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E10 dissolves the varnish left behind by MTBE fuel mixes. Most fuel systems after 1987 should be able handle E10 except a few outboards. I didn't have any problems with my boat and I run over 1000 miles year. When the engine sits with the varnish now mixed with the fuel it create a clog when the fuel evaps, bad for small orifices like those on the CVK carbs on Kaws. Don't mix E10 and MTBE fuels unless you plan to run the tank empty. You'll end up with jello in the fuel tank if left stored for long periods of time. 10 micron filters do a good job of removing the junk from fuel systems that E10 loosens up. I run a 20 micron filter w/water separator on Mercury outboard and haven't had any problem. The enzyme treatments work good, I'm assuming your father is using something like Pri-G or Startron. My outboard likes Pri-G and Chemtool B-12.

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post #7 of 10 (permalink) Old 09-16-2009, 07:34 AM
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Fuel injected bikes, no problem at all. Carbureted bikes have had some major issues after storage for only a few weeks. Clogged pilot jets usually. I've experienced this 1st hand and stabil does seem to help. Ethanol attracts water so you can get plenty of corrosion in float bowls. Also had needle valve o-rings deteriorate in another carbureted bike. Gas goes bad much sooner with ethanol so be sure to add a stabilizer when storing for winter months.
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post #8 of 10 (permalink) Old 09-16-2009, 09:04 AM
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I am fortunate to have a marathon station here that has pumps with a dedicated hose (only premium goes in the tank then) for each grade of gas. Also, their premium is ethanol free. I go out of my way to always fill up here if possible.


Jeff, Twin Cities, MN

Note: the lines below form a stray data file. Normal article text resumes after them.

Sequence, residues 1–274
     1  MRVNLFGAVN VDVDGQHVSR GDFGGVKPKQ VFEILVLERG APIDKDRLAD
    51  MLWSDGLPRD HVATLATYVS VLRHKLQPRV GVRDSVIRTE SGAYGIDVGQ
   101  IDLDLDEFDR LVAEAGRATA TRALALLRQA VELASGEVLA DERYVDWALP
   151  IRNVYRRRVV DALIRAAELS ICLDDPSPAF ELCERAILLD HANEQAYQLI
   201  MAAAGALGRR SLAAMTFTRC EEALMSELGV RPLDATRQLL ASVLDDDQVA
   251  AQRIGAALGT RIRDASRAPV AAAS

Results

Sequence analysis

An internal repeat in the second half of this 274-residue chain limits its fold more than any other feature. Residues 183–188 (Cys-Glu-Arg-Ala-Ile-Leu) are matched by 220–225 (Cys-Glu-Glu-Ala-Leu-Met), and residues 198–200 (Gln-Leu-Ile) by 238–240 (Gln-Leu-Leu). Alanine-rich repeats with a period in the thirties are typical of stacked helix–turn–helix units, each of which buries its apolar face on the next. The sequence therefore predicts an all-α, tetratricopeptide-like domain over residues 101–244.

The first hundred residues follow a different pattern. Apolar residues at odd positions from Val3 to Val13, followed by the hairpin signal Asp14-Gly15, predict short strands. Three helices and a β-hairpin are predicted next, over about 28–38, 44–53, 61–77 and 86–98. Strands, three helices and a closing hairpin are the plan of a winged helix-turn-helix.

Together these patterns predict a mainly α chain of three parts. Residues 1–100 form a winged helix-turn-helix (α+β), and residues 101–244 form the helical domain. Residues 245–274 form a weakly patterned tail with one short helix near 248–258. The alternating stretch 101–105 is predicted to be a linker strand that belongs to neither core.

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post #9 of 10 (permalink) Old 09-17-2009, 04:40 AM
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I also have a pontoon boat which gave me running problems when I was filling up with plain old 87 (10% ethanol) available everywhere. Then when I switched to only using non-oxy 91, problems went away. I have only filled the 900's tank once so far, and just used plain 87 regular. I figure the gas doesn't sit in there long enough to get varnishy because I'm constantly running it through. But when it comes time to think about putting it away for winter storage (ugh!) I'm thinking I'll probably be sure and run my last tank or two with non-oxy 91 and a dose of Seafoam for good measure.
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post #10 of 10 (permalink) Old 09-17-2009, 05:30 AM
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Forest - the oxy is for emissions and not related to ethanol. Your pontoon problems were not related to oxygenated fuel. Put a good Racor (or similar) fuel filter/water separator system on the boat. If the engine is a 2-stroke use a decarbonizer like Mercury Power Tune to clean the cylinders. Ethanol is corrosive and absorbs moisture which is a big problem for boats. If there was any pitting in your fuel tank, most are aluminum, the E-10 will continues to eat away at it and leave milky & gritty crud in the fuel system. Many pre-injected outboards don't like 87 because of unsophisticated timing systems causing detonation. Engines like the older Mercury's get around that by using surface gap plugs which leave no place for carbon to collect.